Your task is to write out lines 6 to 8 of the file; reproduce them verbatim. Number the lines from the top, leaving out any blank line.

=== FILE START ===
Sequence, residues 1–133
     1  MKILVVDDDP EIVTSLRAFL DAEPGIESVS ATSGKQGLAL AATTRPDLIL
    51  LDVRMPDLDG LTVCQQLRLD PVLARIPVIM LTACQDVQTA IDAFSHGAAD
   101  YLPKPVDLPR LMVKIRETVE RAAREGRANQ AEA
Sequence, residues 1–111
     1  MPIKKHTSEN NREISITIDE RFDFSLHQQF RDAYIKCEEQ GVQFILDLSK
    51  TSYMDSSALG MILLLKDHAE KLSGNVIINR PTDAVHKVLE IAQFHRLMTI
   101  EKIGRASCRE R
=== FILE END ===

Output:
     1  MPIKKHTSEN NREISITIDE RFDFSLHQQF RDAYIKCEEQ GVQFILDLSK
    51  TSYMDSSALG MILLLKDHAE KLSGNVIINR PTDAVHKVLE IAQFHRLMTI
   101  EKIGRASCRE R